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CDC recommends the third dose of vaccine for immunocompromised people: shots

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The CDC recommended that people with compromised immune systems have a third vaccination with either the Pfizer BioNTech or Moderna vaccine. The move follows FDA approval for such use a day earlier.

Patrick T. Fallon / AFP via Getty Images


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Patrick T. Fallon / AFP via Getty Images


The CDC recommended that people with compromised immune systems have a third vaccination with either the Pfizer BioNTech or Moderna vaccine. The move follows FDA approval for such use a day earlier.

Patrick T. Fallon / AFP via Getty Images

The Centers for Disease Control and Prevention officially recommend that people with compromised immune systems receive a third vaccination with either the Pfizer BioNTech or Moderna vaccine.

It comes hours after a unanimous vote by an advisory panel on Friday to recommend the guidelines and less than 24 hours after the Food and Drug Administration approved such use.

Vendors generally await a CDC recommendation on vaccine use, even if the FDA has approved or approved a vaccine.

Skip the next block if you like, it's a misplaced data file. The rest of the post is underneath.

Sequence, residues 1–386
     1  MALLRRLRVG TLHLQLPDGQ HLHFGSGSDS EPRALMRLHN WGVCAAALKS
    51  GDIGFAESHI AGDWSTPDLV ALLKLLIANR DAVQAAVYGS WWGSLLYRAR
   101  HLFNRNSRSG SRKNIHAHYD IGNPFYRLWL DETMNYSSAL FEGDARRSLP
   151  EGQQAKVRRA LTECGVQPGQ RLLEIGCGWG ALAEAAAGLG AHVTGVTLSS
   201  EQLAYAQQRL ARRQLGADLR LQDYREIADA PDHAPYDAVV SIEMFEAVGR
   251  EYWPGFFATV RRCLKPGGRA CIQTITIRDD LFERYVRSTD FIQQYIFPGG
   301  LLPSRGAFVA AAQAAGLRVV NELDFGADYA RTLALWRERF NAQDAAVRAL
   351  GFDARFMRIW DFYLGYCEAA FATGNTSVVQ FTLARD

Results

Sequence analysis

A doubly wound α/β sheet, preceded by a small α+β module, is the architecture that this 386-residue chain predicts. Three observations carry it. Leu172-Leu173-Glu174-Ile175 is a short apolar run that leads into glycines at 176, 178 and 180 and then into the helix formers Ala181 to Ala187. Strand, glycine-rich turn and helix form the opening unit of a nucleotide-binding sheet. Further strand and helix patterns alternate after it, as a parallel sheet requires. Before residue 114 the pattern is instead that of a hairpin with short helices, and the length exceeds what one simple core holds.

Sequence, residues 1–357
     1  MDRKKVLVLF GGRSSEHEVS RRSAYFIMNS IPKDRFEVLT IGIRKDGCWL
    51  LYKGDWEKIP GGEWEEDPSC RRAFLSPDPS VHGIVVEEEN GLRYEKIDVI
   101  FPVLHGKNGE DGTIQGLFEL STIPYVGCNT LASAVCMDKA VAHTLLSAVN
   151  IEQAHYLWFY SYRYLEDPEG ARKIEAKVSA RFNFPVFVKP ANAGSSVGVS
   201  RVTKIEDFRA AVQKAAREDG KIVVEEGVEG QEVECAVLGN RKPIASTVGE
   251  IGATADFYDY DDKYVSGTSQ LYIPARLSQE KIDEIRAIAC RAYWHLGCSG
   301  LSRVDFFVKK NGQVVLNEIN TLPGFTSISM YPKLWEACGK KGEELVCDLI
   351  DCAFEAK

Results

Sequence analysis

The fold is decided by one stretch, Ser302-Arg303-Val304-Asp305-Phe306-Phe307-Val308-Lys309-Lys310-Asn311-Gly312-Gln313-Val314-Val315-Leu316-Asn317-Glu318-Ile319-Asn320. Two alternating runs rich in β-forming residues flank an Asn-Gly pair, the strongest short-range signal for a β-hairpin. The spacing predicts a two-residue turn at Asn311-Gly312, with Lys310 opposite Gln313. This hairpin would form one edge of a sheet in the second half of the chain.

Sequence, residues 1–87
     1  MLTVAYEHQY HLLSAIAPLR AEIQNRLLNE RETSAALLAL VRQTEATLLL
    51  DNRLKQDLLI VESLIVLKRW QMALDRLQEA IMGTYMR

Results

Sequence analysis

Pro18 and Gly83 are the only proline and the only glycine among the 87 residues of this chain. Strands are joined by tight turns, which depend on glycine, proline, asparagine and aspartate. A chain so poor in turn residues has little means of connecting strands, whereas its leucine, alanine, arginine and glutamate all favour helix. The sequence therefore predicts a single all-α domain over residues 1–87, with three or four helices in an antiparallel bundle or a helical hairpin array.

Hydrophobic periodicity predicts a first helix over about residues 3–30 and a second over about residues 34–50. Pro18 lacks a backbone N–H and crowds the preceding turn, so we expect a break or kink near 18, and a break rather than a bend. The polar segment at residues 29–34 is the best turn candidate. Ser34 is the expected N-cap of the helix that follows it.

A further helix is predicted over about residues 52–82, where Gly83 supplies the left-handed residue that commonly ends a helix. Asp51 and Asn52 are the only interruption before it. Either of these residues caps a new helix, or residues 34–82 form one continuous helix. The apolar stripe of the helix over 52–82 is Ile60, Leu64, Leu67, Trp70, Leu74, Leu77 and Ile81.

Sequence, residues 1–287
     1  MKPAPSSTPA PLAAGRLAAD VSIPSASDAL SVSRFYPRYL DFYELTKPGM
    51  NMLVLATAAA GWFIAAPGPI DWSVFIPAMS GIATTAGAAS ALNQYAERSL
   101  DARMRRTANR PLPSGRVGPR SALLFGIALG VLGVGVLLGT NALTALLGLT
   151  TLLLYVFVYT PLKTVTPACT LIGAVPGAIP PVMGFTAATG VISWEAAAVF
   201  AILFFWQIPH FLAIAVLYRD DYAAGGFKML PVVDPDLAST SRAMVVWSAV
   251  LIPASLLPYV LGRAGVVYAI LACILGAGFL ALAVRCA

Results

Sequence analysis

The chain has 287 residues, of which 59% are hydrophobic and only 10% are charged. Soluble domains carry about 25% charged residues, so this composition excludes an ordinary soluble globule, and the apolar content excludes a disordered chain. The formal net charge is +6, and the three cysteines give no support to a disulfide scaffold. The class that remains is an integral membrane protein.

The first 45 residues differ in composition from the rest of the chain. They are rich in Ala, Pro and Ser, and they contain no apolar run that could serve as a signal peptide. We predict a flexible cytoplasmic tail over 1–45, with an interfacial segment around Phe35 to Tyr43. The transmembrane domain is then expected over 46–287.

Immunocompromised people make up about 2.7% of US adults, or about 7 million people. They are more likely to get sick with COVID-19 and have a higher risk of prolonged coronavirus infection and transmission. They also have a lower antibody response to the initial vaccination schedule and are more likely to transmit the virus to household contacts, according to studies submitted to the advisory committee by CDC officials.

People with conditions that weaken the immune system or who are taking treatments that suppress immunity are also much more likely to have a breakthrough infection than people of normal health. A US study shows that 40% to 44% of breakthrough hospital admissions occur in immunocompromised people.

Studies have also shown that the vaccine is less effective in these people, ranging between 59% and 72%. In comparison, it is 90 to 94% in people without serious immunodeficiency. People who have received a solid organ transplant have the lowest immunity on the standard vaccination schedule.

The agency tells people about it the following conditions should take a third dose:

  • You will receive active cancer treatment for tumors or blood cancer.
  • You have had an organ transplant and are taking medication to suppress your immune system.
  • have had a stem cell transplant or are taking medication to suppress the immune system in the past two years.
  • Moderate or severe primary immunodeficiency (such as DiGeorge syndrome or Wiskott-Aldrich syndrome).
  • Advanced or untreated HIV infection.
  • Active treatment with high-dose corticosteroids or other drugs that may suppress your immune response.

The recommendation for the Moderna vaccine is limited to adults aged 18 and over, as this vaccine has not yet been approved for adolescents. This approval is expected by the FDA in the next few weeks. The Pfizer vaccine is approved for adolescents 12 years and older and adults.